The year is 1966. I am a first-grader at the H.B. Milnes School in Fair Lawn, New Jersey. Every morning, my classmates and I stand beside our little desks, hands over little hearts, and recite the Pledge of Allegiance. Our teacher then bangs out the chords to one of a dozen patriotic songs we know by heart. My personal favorites: “You’re a Grand Old Flag” and “Columbia, the Gem of the Ocean.” Though a few youngsters mangle some of the lyrics, there’s no doubt that one tenet has already been deeply inculcated: America — and the flag that stands in the corner of every classroom — is to be respected and cherished, for we are the greatest and freest nation in the world.
As a kid, I embraced this fully. It had to be true since my teacher said so, as did my parents and President Johnson. For not only was the United States strong, it was generous. If another country’s citizens were hungry, we sent food. If they were attacked, we sent help. America wasn’t just a superpower, it was a superhero. In my six-year-old mind, my country’s motives were absolutely pure, and I was supremely proud that America was the “helper” nation and everyone around the globe loved us.
Nearly 50 years later, I contemplate both the beauty and naiveté of that notion. I now know too much to hang onto my vision of a strictly benevolent USA. It pains me that our status has changed so dramatically and, lately, there are days when I’m not proud of my country’s actions at all. But still, I wouldn’t want to live or raise my children anywhere else. Despite my ambivalence about many of our foreign and domestic policies, I remain a patriot and an unabashed flag waver.
My love of the Stars and Stripes bloomed early.
[pullquote] Despite my ambivalence about many of our foreign and domestic policies, I remain a patriot and an unabashed flag waver. [/pullquote]
As a Brownie scout, I waved my little flag with a solemn smile as I marched in our small town’s Memorial Day parade. With each flick of my wrist, I strove to telegraph my love of country to the spectators lining the route. From their lawn chairs, they waved their flags in return as if to say, “Me, too!” The deep boom-boom of the high school band’s bass drum made my tummy vibrate as I left-right-left-ed, underscoring the sense of exhilaration and significance that pervaded the day. At that moment, I had no doubt that America was special, my town was special, and I was lucky to be a part of it.
My fascination with the flag continued at summer camp where I reveled in the daily dose of pomp and circumstance that accompanied the raising and lowering of the flag. As a tinny recording of a bugle call played over the loudspeaker, a couple hundred girls stood at attention in a circle around the flagpole. Each morning, one lucky pair of campers had the honor of hooking the flag to its pulley and hoisting it to its windy peak. At dusk, a second pair lowered the flag and folded it carefully in triangles. This was serious stuff, and, despite my burgeoning disrespect for authority, I liked it that way. To this day, I tear up whenever I hear “Taps.” At camp, it signaled the end of the day. In war, the end of a life. In both domains, its plaintiveness has always sounded uniquely American to my ears.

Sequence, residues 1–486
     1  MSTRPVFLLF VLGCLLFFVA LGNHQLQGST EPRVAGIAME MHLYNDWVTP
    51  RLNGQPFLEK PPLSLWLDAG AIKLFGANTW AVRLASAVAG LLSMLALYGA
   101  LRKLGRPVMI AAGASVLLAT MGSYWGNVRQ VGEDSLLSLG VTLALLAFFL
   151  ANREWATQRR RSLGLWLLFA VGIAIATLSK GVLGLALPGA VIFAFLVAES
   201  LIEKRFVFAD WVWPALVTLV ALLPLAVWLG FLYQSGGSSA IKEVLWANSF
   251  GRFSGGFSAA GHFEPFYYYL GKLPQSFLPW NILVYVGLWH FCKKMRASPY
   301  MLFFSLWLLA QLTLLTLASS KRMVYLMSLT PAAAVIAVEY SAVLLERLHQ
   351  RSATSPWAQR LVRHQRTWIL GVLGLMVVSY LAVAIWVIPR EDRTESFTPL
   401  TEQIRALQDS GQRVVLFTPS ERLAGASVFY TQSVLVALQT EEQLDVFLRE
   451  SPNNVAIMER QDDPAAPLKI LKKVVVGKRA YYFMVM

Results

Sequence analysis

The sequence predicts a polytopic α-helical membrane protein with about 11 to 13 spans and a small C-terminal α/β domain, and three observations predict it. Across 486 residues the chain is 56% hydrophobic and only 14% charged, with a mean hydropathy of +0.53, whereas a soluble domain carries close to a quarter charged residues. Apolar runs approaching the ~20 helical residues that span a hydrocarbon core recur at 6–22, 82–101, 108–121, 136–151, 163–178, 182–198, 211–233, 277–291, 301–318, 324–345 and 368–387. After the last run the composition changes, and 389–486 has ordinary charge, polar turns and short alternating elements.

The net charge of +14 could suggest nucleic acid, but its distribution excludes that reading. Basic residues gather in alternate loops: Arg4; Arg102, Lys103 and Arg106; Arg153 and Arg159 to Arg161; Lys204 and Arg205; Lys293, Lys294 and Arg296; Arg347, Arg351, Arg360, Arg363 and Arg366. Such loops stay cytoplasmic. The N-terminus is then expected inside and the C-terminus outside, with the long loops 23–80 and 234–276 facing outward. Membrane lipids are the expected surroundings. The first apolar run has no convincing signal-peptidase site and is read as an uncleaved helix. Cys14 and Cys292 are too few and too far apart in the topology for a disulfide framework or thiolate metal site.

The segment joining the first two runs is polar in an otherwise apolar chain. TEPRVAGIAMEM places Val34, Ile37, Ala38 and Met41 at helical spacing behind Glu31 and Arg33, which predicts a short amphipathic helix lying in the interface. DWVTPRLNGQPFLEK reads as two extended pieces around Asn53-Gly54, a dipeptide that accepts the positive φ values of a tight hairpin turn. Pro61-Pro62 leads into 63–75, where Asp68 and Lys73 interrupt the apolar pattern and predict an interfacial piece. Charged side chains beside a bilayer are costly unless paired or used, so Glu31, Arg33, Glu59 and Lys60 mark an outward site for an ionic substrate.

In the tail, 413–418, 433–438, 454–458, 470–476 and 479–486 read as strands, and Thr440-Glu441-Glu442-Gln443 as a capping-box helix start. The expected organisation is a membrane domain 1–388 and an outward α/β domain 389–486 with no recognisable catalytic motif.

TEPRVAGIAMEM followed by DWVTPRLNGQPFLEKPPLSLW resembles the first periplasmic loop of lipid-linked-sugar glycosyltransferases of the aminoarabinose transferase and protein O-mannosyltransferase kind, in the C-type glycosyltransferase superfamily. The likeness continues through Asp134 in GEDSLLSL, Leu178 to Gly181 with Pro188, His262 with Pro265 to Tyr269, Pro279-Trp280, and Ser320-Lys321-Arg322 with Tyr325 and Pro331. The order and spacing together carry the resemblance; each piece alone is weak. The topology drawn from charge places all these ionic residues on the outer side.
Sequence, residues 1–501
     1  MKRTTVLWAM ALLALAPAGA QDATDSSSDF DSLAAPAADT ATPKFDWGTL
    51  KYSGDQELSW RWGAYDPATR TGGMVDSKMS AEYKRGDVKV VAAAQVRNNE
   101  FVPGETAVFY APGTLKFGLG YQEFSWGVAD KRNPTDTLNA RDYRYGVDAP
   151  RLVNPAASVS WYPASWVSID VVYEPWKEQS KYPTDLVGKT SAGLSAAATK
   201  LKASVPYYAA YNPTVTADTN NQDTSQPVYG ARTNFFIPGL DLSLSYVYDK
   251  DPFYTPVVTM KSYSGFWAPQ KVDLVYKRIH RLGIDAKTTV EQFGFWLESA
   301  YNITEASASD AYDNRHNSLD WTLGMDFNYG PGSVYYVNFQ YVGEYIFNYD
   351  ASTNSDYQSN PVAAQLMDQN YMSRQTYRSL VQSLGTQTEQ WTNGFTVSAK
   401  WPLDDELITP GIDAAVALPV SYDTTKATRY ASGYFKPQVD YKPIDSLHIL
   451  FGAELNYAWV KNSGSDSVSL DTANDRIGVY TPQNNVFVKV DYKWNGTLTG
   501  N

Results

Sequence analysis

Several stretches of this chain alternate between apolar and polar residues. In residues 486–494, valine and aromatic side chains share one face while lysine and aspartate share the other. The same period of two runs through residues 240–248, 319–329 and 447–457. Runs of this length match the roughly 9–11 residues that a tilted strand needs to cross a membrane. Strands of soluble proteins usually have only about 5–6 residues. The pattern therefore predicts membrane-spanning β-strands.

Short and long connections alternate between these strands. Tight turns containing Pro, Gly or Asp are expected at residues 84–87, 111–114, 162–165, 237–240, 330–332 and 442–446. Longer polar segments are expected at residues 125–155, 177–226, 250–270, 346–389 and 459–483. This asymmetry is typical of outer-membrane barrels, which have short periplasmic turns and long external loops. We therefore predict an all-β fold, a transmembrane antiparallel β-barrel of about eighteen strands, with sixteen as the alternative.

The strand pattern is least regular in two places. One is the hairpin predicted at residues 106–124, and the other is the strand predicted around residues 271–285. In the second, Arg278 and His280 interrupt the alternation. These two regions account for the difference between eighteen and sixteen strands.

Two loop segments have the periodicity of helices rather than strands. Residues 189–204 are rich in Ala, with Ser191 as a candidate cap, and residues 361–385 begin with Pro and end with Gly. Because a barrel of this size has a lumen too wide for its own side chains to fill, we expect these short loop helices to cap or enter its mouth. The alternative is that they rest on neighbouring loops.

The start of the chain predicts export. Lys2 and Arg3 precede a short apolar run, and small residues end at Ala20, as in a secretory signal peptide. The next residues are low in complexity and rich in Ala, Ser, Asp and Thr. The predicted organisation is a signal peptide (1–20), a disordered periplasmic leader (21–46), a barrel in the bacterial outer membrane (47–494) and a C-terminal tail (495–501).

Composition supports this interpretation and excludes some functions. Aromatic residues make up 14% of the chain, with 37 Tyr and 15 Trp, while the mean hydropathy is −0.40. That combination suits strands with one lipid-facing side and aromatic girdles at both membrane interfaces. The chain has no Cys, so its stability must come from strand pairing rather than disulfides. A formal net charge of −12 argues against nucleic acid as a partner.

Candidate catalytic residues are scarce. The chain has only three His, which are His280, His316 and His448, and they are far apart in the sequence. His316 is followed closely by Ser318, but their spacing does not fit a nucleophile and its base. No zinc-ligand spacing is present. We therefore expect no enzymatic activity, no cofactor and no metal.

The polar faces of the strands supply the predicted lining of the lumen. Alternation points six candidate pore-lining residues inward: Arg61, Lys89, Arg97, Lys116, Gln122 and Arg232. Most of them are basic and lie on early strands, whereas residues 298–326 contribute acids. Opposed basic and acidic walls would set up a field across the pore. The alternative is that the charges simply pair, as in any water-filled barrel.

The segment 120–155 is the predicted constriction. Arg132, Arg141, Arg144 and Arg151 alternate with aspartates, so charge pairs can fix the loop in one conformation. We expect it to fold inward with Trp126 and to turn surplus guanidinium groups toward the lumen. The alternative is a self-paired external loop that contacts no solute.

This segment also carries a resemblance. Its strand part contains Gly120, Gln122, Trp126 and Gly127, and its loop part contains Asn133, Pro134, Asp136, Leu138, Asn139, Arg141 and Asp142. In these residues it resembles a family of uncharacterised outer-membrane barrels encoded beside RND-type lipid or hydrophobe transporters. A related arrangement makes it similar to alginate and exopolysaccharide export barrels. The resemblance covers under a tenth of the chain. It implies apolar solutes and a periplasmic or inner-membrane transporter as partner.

I recently asked my sons, ages 22 and 24, if they know the Pledge of Allegiance. They made a couple of valiant attempts at reciting it, but it quickly became clear that beyond the first line, they were lost. I doubt this scenario is unique to my household or my city (New York). Perhaps it’s different in the heartland — I hope so. But in my corner of the country, in the span of one generation, what had been a daily ritual for millions of school children has been lost. As for those patriotic songs, the only one my kids know is The Star Spangled Banner, and that’s only because of its ubiquity at professional sporting events. I suspect they’re not alone in that regard as well.
This seems a shame. For despite our citizens’ wide range of ethnicities and religions and economic strata, those songs and the Pledge bind us and remind us that we share our American-ness. Of course, we don’t need to recite a few poetic lines or belt out a march to know where we’re from or where we’ve settled. But I miss the ritual and the sense of community that pledging together elicits. I think my descendants are missing out, too, whether they know it or not.
On Flag Day, I sat in my backyard with my sons talking about freedom. When I asked what it meant to them, they spoke about freedom of choice and of speech. They understand that to do and say whatever you choose (within the law) is our right, yes, but also our privilege. We talked about living in a country ruled by democracy rather than a dictator. I asked if they felt lucky to be Americans. They do. And like their mother, they love the flag and a good parade.
Next weekend, no matter what, they’re learning the Pledge of Allegiance.